U.S. Solicitor General Elizabeth Prelogar, who represents the Biden administration, said not even the Trump team adopted that interpretation. She said the court should defer to DHS’s conclusion that the program poses unacceptable risks to migrants and undercuts diplomatic efforts to address immigration issues.
The order to restart the program “dramatically intrudes on the executive’s constitutional and statutory authority to manage the border and conduct the nation’s foreign policy,” she argued.
The Biden administration is also under pressure to delay or scrap the planned May 23 end of the Trump-era Title 42 border controls, which allowed agents to quickly expel migrants during the coronavirus pandemic. U.S. officials and lawmakers in both parties say the result could be yet another surge of migrants.
The White House has said that Title 42 is a public-health provision and that any decisions are made by the Centers for Disease Control and Prevention. Aides said preparations are being made to handle the expected influx of migrants after the order is lifted.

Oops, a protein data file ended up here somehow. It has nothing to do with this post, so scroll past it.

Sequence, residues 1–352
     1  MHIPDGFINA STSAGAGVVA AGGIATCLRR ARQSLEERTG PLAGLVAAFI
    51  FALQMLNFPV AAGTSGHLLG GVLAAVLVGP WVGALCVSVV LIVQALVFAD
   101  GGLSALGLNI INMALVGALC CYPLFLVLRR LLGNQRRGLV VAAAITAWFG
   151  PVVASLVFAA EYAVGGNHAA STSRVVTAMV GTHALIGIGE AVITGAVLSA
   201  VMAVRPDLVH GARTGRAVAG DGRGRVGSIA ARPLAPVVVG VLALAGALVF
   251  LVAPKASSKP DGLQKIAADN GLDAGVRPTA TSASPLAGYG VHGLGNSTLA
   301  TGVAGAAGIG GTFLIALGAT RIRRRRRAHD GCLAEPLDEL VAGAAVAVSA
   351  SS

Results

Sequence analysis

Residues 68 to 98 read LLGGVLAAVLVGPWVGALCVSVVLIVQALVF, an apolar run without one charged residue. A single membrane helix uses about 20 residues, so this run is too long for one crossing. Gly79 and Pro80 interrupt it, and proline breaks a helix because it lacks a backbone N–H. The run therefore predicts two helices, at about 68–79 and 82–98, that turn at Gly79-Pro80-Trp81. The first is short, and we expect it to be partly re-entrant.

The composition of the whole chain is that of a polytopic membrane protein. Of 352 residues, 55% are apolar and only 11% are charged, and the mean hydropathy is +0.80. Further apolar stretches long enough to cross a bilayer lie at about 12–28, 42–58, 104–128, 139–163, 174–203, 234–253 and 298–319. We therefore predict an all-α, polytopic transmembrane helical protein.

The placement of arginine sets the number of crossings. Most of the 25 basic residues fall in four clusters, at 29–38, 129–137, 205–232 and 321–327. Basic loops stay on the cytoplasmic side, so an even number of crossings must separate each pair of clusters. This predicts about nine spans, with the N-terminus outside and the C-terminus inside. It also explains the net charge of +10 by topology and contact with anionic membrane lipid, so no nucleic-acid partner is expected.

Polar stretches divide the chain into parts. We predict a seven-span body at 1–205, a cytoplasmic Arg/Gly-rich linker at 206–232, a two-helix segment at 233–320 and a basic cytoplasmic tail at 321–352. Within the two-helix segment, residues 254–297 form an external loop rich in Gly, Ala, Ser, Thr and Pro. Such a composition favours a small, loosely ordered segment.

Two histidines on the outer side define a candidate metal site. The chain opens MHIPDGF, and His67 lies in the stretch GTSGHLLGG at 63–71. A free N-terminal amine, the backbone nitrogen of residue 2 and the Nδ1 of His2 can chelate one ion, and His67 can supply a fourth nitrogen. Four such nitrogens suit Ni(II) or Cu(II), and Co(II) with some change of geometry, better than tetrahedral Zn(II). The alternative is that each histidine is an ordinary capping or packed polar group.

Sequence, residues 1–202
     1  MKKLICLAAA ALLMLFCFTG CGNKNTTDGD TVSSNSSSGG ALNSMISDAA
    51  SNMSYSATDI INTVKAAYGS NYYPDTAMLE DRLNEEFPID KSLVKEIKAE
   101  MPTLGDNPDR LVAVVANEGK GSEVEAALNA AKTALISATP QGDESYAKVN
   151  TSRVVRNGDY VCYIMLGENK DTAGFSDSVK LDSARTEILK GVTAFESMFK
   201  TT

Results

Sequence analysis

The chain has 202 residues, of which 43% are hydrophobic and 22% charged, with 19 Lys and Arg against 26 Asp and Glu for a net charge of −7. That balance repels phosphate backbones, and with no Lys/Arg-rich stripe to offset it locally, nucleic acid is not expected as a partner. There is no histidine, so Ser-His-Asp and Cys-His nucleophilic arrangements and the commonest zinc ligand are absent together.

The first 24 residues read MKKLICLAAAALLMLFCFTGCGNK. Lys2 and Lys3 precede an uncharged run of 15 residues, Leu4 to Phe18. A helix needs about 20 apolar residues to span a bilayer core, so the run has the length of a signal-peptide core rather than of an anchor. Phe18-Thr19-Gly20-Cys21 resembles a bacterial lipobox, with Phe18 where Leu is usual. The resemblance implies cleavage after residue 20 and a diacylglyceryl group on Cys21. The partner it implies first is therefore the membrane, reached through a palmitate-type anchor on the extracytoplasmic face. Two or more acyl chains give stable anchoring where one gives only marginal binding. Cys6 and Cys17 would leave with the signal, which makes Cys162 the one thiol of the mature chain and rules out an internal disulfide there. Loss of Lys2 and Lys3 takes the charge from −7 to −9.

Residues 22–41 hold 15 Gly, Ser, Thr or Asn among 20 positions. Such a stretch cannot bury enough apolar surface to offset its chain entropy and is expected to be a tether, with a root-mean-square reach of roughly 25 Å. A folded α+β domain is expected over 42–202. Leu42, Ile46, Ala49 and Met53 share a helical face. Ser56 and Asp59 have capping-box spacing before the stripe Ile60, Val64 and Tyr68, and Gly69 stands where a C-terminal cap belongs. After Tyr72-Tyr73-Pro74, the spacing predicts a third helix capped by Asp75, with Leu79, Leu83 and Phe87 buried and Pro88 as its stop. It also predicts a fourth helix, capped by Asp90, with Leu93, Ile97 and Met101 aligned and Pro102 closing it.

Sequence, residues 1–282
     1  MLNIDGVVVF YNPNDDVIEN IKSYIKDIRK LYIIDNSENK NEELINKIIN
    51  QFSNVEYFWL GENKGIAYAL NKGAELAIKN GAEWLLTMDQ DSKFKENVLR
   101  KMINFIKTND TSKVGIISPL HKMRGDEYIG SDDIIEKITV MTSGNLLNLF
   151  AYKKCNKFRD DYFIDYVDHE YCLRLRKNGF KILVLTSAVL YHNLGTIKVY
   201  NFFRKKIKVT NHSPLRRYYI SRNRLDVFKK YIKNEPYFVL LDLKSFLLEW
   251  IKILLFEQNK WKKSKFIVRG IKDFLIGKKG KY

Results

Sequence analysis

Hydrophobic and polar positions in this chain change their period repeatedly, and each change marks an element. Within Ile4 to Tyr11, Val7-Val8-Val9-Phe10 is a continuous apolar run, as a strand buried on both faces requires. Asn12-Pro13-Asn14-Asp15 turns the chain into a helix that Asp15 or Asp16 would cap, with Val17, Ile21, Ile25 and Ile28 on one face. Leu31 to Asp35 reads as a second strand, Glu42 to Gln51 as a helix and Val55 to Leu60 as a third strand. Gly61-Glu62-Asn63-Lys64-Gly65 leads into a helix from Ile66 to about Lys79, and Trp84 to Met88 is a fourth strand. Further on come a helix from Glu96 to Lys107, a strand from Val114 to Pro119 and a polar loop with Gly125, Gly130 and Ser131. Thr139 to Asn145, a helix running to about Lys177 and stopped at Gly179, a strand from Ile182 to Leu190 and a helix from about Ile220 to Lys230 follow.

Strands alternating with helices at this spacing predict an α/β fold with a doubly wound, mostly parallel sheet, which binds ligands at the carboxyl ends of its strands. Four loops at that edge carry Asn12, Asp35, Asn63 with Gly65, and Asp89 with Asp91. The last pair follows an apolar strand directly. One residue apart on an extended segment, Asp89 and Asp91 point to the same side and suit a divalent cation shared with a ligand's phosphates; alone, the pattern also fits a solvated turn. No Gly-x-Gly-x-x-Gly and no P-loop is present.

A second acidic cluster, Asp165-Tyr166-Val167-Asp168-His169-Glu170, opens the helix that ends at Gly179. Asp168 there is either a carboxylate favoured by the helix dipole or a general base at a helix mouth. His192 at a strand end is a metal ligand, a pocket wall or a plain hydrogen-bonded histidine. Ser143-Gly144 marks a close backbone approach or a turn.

But the administration’s position is unpopular. Among registered voters nationwide, 56% said they disapproved of the decision to lift Title 42, according to a Morning Consult/Politico poll released this month, making it Biden’s most unpopular policy move to date in the survey.
Some immigrant-rights advocates blame the White House and top Democrats. They say party leaders have been too cautious in defending efforts to create a more welcoming immigration system — letting Republicans fill the void with statements that fuel anti-immigrant sentiments.
And some of Biden’s moderate allies in the Senate, including Homeland Security and Governmental Affairs Committee Chairman Gary Peters and Chris Coons of Delaware, are joining the criticism. The breadth of opposition shows how seriously Democrats believe a rush at the border could politically damage the party.
“Right now this administration does not have a plan,” Democratic Senator Mark Kelly of Arizona, who himself will face the voters in November, told reporters earlier this month during a tour of the border. “To be honest, it’s going to be a crisis on top of a crisis.”
The case is Biden v. Texas, 21-954.